SYDNEY • Cyclone Oma, which hit the Pacific islands of Vanuatu and New Caledonia, is slowly heading towards the coast of Australia's Queensland state.
The storm, a destructive Category 2, could bring flooding, storm surges and strong winds within days to a large stretch of the coast, Australia's Bureau of Meteorology said yesterday.
The bureau said the storm's exact path was unclear and, if it does make landfall, it could be anywhere from the central Queensland coast to as far south as the border with New South Wales state.
In the early hours of yesterday, Oma produced winds of up to 185kmh but has since weakened a little.
It is forecast to remain a Category 2 storm for the next few days, the bureau said.
It is currently far off the Australian coast, having passed New Caledonia, where high winds cut electricity, destroyed crops, downed trees and shuttered schools and businesses.
New Caledonia's Civil Security agency reported on Tuesday that around 3,000 people were without power and dozens of telecommunications towers were affected.
The storm also produced torrential rain in Vanuatu, where clean-up operations are under way.
"Severe tropical Cyclone Oma is expected to move slowly south-west over the Coral Sea during the next few days," the bureau said.
The storm is expected to bring "abnormally high tides" to parts of southern Queensland on Australia's east coast as it edges closer.
"A severe weather warning and hazardous surf warning are current," the bureau said.
Some areas have already been affected by the high tides, flooding some streets and cars along beaches.
Separately, oil has started leaking from a bulk carrier stranded on a coral reef near World Heritage-listed waters in the Solomon Islands, local villagers said yesterday.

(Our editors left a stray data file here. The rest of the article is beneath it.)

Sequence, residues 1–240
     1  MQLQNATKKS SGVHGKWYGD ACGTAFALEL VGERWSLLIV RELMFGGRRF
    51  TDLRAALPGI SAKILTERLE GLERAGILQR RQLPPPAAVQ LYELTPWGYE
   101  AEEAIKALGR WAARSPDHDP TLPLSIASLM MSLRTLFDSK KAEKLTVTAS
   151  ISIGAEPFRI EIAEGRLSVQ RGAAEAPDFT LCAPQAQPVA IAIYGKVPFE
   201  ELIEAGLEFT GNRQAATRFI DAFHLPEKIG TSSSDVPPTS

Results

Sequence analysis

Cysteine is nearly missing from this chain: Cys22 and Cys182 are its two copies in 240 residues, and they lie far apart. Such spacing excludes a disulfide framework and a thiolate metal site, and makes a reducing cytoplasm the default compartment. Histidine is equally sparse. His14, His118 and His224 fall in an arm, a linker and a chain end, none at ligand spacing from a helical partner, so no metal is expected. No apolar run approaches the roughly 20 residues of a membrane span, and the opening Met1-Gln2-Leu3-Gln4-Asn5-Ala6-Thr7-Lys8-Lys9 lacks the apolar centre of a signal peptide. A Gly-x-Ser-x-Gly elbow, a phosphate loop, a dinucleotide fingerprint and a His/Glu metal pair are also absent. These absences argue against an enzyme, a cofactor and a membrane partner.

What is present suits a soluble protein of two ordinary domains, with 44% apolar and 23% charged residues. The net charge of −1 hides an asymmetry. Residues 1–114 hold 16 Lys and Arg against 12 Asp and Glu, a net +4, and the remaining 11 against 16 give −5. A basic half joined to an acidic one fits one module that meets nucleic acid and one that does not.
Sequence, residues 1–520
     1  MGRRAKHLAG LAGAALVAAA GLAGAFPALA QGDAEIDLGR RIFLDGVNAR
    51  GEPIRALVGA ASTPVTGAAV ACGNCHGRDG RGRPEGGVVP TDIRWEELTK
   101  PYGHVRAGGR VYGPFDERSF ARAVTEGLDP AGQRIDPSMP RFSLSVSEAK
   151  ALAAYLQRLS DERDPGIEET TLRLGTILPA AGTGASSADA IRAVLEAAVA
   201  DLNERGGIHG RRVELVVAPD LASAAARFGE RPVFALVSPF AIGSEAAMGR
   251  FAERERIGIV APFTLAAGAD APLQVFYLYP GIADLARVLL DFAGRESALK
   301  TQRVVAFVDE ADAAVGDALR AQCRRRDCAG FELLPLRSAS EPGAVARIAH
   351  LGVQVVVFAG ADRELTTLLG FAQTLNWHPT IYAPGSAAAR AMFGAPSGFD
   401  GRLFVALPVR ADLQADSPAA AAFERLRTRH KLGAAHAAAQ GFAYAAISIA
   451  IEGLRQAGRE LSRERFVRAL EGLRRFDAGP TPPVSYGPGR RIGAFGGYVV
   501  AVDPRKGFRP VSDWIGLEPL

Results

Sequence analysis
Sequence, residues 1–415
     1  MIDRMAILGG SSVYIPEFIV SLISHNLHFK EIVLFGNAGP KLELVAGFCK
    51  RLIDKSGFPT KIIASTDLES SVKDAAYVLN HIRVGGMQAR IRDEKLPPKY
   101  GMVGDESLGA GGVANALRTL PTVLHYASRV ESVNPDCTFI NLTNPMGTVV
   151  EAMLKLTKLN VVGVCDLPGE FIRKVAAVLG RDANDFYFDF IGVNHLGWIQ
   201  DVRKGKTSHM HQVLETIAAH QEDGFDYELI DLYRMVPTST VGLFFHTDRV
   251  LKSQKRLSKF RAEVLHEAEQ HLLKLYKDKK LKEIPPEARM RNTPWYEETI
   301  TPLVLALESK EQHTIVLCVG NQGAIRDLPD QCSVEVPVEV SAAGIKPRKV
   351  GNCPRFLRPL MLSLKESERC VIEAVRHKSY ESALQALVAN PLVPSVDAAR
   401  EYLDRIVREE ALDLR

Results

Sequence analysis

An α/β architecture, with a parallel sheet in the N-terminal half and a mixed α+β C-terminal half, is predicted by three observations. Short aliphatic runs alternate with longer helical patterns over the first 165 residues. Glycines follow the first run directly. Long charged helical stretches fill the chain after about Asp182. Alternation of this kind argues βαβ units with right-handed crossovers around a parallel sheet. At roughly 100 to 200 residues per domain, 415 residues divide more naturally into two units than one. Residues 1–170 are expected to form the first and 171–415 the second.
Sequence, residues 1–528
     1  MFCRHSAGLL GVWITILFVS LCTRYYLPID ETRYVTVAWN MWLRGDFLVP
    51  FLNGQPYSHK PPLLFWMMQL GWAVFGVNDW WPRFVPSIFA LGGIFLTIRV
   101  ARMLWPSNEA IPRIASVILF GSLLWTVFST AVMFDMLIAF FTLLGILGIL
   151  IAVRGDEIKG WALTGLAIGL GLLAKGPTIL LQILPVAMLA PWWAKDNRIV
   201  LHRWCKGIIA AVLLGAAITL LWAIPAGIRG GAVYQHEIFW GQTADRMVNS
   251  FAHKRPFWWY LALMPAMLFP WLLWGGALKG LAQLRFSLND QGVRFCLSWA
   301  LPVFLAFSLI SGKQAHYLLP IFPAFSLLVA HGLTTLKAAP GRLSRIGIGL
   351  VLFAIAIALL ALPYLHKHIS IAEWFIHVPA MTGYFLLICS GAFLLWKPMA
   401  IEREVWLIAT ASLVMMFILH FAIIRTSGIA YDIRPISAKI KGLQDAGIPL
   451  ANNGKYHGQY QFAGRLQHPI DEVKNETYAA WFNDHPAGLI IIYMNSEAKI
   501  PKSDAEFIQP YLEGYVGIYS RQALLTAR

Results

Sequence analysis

The MV Solomon Trader ran aground on Feb 5 while loading bauxite at Rennell Island but heavy seas whipped up by Cyclone Oma have thwarted salvage attempts.
Locals said the 225m vessel was now starting to leak oil.
"We're starting to see a slick," Mr Derek Pongi told Agence France-Presse. "It's not that big but it's hard to tell because the weather's still rough."
Rennell Island, about 240km south of the capital Honiara, is the largest raised coral atoll in the world.
Mr Pongi said locals feared a major environmental disaster.
"The people here depend on the sea for all their needs," he said. "It would make life very hard for them."
While the ship was carrying bauxite, any such large vessel would also have considerable amounts of oil and fuel for its engines.
Island Sun News reported that the Hong Kong-flagged ship's owners, Bintan Mining, had flown in salvage experts from Australia and the United States.
Officials from neighbouring Australia said they were working with the Solomon Islands government to "hold the responsible company, owners and insurers to account in responding to this maritime incident".